St. Lawrence SeawayÆs 2010 grain exports surge
The U.S. Transportation Department on Friday said the St. Lawrence Seaway, which links the Great Lakes region with the Atlantic, experienced a 'sharp rise' in grain exports in 2010.
About 1.9 million metric tons of U.S. grain have moved through the waterway so far this year, a nearly 23 percent increase through October over 2009 levels. Overall, seaway traffic is up 17 percent in 2010 compared to 2009.
'Vessel traffic this fall is robust in the Great Lakes-St. Lawrence Seaway System, as ships are busy carrying almost 2 million tons of U.S. wheat, corn and soybeans to export markets in Europe, the Middle East and Africa,' said Collister Johnson Jr., administrator of the U.S. Saint Lawrence Seaway Development Corp., in a statement.
'We are encouraged by what we are seeing with heightened grain shipments through the lakes and the seaway, and have every reason to believe that the remainder of the season will be just as strong,' he added.
The increase is partly attributed to Russia's ban on grain exports that began in August due to drought conditions. Russia has announced keeping the ban in place through the end of this year. As a result, markets in Europe and North Africa have looked to North American grain farmers to meet their grain demand. Furthermore, the United States has produced bumper grain crops this season that have been harvested earlier than in past years.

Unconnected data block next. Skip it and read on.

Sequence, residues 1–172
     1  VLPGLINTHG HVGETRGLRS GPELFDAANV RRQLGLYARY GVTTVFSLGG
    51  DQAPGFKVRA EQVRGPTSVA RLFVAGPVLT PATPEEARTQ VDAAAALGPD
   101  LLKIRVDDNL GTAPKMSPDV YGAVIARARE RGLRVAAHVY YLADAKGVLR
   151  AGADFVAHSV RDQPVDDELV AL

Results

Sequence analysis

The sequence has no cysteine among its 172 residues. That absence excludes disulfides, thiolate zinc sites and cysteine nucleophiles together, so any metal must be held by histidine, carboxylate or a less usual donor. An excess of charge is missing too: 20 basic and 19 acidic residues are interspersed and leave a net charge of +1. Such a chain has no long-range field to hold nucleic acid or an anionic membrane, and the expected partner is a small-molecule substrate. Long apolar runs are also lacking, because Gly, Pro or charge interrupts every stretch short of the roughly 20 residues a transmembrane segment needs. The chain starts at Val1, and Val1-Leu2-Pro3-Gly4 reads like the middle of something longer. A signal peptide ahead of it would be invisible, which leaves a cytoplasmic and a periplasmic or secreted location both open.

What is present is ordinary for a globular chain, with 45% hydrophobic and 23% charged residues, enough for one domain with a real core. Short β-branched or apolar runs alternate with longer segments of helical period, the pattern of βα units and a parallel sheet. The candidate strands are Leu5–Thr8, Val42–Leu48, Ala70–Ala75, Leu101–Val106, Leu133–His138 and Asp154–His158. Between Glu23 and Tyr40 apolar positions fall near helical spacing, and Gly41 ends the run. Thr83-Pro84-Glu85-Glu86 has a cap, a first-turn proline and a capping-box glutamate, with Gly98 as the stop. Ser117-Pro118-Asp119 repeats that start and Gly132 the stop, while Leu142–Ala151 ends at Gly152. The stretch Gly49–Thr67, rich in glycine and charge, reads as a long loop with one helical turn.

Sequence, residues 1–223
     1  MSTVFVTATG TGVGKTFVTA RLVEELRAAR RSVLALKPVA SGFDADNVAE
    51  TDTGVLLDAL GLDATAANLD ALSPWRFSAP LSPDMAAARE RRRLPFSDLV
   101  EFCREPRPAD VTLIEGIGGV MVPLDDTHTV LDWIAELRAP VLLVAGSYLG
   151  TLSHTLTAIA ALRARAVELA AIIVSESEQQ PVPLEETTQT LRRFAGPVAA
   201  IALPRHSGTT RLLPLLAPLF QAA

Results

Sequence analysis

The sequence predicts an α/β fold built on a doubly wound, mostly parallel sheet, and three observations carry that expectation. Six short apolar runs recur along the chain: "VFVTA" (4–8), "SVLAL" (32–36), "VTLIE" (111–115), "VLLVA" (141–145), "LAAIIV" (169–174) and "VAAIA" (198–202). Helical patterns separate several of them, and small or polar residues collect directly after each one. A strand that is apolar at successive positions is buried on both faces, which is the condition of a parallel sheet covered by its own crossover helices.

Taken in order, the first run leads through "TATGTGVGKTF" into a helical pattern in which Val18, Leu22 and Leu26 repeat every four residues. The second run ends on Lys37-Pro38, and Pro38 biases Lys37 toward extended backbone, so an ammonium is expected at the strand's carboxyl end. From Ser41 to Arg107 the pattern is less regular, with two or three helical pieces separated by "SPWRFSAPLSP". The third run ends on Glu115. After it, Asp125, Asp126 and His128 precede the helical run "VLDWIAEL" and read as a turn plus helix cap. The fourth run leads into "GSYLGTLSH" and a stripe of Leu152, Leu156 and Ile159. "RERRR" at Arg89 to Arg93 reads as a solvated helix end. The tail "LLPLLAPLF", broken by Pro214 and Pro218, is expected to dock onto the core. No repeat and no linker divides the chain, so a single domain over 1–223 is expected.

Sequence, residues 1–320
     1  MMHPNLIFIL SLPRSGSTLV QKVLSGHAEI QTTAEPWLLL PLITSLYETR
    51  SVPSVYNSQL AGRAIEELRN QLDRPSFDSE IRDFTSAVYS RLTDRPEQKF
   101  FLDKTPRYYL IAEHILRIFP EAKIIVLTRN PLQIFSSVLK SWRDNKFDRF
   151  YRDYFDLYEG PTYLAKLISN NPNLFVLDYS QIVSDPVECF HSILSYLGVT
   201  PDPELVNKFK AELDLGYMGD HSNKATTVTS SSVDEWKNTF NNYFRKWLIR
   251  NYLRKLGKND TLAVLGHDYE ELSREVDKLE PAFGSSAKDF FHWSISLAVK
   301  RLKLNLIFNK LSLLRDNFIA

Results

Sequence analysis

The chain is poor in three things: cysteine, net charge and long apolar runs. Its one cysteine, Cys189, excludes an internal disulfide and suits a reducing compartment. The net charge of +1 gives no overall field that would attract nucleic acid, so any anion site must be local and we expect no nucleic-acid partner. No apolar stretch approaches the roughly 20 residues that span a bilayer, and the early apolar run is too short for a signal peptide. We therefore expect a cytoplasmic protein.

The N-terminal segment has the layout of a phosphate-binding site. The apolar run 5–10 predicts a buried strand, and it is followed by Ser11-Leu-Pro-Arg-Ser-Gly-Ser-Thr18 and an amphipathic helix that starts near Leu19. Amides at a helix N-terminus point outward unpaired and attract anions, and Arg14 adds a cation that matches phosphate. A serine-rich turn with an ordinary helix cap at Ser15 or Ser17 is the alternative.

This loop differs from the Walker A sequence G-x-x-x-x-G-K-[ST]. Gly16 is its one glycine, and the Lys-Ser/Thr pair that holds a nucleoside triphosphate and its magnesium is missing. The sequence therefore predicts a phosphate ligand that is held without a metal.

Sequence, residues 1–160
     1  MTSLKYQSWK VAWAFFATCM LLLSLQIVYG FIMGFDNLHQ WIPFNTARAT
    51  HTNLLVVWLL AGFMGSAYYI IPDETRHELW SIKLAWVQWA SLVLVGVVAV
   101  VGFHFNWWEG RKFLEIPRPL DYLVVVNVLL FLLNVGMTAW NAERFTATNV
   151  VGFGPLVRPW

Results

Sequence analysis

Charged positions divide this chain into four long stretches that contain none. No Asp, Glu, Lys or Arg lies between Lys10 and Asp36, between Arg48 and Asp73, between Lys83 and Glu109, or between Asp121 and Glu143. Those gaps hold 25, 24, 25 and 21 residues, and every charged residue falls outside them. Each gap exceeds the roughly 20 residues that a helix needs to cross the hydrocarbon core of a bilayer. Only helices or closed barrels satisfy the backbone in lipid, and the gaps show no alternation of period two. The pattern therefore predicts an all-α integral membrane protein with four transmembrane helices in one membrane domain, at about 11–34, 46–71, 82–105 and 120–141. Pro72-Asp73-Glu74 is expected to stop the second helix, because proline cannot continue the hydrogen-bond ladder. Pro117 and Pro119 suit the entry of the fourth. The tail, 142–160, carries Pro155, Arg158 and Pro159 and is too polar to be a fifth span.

In particular, the ports of Duluth, Minn.; Milwaukee; and Toledo, Ohio, have realized sizable increases in vessel traffic and tonnage. 'The grain surge is likely to remain at the forefront of the strong postings for Great Lakes ports for the final months of the Seaway's shipping season,' the DOT said.